Decoding the New Electric Vehicle Tax Credits—How to Tell If Your Car Qualifies

To EV or not EV? The new tax credits could make it easier for you to afford to say goodbye to gas forever.

electric car made of grass
Photo: Olivia Barr

With more carmakers producing electric cars (and those pesky high gas prices), it's become more enticing than ever to move away from a gas-powered vehicle and explore a plug-and-play electric vehicle, whether it's a full-on, battery-powered car or a plug-in hybrid (PHEV) that can run on both gas and electric.

The sticker price may be higher on electric vehicles (often about $10,000 more, according to Kelley Blue Book), but the higher cost can be offset in many cases by a tax credit of up to $7,500. And that doesn't even take into account the fact that electric cars use cheaper power and require less maintenance than their gas-powered counterparts.

The new Inflation Reduction Act signed into law on August 16, 2022 updated and enhanced the rebate, to help spur the push toward cleaner fuels. "The IRA establishes and expands upon several critical tax credits that will help speed up the deployment of EVs and bring down the cost of this technology," says Britt Carmon, senior advocate for Federal Clean Vehicles & Fuels at the National Resources Defense Council.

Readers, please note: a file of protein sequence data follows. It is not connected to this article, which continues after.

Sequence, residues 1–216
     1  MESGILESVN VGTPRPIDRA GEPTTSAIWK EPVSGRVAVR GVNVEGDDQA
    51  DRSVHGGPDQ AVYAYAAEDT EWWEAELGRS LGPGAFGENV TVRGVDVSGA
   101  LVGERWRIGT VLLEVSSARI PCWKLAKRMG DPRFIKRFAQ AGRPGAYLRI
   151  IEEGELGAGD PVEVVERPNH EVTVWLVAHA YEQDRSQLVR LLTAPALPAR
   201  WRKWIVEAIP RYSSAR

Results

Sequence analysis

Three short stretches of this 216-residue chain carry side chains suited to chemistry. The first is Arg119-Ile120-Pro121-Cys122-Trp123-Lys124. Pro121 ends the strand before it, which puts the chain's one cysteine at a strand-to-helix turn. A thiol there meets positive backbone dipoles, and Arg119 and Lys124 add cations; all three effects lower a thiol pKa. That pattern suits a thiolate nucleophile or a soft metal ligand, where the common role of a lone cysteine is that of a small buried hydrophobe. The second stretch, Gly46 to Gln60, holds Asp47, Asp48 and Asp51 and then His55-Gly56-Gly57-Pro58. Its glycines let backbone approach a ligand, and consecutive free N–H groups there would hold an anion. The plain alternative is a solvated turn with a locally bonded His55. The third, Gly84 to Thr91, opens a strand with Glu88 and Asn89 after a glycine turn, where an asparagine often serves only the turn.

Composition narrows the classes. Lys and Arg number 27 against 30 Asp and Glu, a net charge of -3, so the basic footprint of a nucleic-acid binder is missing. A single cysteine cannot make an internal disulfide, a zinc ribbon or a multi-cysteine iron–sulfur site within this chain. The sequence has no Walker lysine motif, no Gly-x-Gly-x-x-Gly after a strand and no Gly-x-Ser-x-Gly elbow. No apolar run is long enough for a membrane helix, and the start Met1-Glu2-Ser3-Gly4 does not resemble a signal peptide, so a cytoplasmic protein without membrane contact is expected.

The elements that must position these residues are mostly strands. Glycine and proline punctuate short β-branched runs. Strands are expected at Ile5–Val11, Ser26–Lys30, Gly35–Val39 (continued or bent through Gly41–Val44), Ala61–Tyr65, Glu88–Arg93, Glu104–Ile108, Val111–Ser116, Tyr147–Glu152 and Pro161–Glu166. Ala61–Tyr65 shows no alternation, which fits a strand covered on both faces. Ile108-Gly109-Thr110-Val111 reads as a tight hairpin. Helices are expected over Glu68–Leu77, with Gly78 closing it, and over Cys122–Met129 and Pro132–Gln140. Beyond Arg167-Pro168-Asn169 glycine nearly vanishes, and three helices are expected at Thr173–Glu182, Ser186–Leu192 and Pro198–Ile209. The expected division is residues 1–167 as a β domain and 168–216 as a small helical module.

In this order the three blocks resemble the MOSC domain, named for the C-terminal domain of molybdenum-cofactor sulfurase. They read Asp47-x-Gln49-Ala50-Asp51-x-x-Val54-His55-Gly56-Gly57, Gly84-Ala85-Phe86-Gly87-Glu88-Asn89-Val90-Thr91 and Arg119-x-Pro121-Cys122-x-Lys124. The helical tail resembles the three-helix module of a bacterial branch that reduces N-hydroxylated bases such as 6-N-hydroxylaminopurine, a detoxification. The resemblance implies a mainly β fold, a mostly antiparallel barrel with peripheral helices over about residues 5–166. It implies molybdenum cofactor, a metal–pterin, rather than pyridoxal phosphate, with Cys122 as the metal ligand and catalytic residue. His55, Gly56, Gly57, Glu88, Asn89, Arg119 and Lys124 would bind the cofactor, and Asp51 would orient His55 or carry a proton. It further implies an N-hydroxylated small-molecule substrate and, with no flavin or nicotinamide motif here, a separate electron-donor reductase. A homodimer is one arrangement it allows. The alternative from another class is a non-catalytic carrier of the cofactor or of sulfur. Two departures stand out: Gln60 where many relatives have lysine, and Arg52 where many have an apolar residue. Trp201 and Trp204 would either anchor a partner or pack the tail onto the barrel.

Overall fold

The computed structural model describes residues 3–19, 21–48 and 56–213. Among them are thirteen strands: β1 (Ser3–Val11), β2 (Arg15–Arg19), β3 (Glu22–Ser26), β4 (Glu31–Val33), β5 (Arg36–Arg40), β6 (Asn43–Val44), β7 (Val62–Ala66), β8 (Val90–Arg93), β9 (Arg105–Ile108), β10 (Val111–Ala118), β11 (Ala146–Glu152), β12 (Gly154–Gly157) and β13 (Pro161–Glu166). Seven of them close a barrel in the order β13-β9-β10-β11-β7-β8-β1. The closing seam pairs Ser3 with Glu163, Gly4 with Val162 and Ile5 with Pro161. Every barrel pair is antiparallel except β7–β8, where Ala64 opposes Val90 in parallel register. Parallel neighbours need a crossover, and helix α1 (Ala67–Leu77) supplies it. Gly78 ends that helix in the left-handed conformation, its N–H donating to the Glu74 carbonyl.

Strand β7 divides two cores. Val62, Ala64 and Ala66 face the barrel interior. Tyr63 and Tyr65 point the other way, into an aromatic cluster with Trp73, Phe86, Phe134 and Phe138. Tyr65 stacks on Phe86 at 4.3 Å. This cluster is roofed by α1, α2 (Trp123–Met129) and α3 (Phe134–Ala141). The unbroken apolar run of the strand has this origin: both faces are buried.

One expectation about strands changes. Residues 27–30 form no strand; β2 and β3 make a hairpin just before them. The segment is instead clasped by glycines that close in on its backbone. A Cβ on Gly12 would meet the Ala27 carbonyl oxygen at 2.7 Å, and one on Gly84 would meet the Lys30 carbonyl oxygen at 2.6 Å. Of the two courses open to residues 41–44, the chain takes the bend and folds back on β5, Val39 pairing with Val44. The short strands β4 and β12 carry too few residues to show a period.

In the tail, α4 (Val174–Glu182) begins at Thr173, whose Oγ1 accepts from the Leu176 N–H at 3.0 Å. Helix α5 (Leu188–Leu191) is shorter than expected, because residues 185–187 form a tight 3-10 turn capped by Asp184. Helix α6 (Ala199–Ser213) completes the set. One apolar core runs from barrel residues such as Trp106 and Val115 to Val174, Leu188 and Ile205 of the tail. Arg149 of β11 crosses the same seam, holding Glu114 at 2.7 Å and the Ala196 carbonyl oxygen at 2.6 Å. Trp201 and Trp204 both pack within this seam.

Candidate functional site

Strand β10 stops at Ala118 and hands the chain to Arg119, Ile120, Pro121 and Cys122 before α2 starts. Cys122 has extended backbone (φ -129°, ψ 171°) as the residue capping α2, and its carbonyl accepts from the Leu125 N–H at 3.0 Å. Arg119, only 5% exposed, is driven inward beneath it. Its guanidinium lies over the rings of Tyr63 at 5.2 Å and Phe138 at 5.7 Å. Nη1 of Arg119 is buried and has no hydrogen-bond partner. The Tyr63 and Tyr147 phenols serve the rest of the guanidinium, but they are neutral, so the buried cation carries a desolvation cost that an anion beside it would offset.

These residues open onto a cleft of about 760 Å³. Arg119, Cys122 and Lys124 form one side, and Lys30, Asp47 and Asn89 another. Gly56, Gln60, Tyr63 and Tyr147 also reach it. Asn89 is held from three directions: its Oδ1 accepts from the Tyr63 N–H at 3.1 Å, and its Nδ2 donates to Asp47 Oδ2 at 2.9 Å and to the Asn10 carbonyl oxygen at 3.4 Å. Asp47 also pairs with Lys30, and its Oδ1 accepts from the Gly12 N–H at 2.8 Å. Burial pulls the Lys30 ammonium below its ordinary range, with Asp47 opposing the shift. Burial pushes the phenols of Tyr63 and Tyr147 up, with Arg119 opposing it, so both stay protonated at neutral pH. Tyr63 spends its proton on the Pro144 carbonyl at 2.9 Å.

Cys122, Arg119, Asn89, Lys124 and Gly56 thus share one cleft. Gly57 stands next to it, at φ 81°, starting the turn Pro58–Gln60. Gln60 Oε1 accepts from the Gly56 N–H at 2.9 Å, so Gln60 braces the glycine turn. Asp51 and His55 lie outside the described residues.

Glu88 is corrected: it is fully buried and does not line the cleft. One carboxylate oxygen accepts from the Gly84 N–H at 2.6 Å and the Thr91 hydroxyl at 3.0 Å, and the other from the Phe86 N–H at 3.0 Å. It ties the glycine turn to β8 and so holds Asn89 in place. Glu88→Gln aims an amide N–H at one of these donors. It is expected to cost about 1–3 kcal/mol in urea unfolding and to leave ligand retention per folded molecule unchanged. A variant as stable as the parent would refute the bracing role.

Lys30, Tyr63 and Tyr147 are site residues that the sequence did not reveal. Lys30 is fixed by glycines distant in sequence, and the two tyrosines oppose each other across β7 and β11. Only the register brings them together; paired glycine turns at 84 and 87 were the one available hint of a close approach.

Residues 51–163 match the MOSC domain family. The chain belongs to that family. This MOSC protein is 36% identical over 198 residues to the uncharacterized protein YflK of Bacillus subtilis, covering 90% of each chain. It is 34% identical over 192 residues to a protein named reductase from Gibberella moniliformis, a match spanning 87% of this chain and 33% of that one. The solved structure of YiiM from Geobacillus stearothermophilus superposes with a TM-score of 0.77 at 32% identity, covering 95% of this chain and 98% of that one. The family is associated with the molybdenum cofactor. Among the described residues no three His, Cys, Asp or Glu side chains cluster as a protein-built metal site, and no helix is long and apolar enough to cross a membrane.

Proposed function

But with the new law came some new rules around who can take advantage of the credit—and which cars qualify. So before you pull away from the dealership in an EV, here's how to make sure you reap every financial benefit of going electric.

What is the electric vehicle tax credit?

The tax credit gives you a significant amount of cash back on your next tax return if you buy a qualifying electric vehicle or plug-in hybrid. Before the Inflation Reduction Act, the credit was given to purchasers of the first 200,000 EVs from a particular carmaker, with a $7,500 credit for fully electric cars, and smaller credits for plug-in hybrids. Tax credits are fully subtracted from the amount of income tax you owe, so you'll likely end up with a big windfall come tax time.

The new Inflation Reduction Act gives you the same $7,500 tax credit if you buy a battery-operated EV, and a smaller amount (based on the battery size) for a PHEV. And big bonus: Starting in 2024, it added a new tax credit of $4,000 (or 30 percent of the total vehicle cost) if you buy a used electric vehicle, which can help make EVs more affordable for a larger range of buyers.

Do I qualify for the EV tax credit?

If you make less than $150,000 and you file your taxes as a single, or $300,000 for a couple, you're entitled to take the tax credit for new EVs. When used car credits begin, you will need to have $75,000 or less in adjusted gross income as a single, and $150,000 if you file jointly.

These income caps take effect in 2023, so if you're over the income limit, you may want to head to the dealership right now.

What are the new EV tax credit rules?

Here's where you start to see some major changes between the old credit and the new. Here's the breakdown:

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Your EV needs to be assembled in North America

Effective immediately, new EV owners can only get the credit if their car was assembled in North America. This takes many popular EVs, like the Volkswagen ID.4 and the Hyundai Kona Electric, out of the running—though promises to create some major growth in North American manufacturing jobs.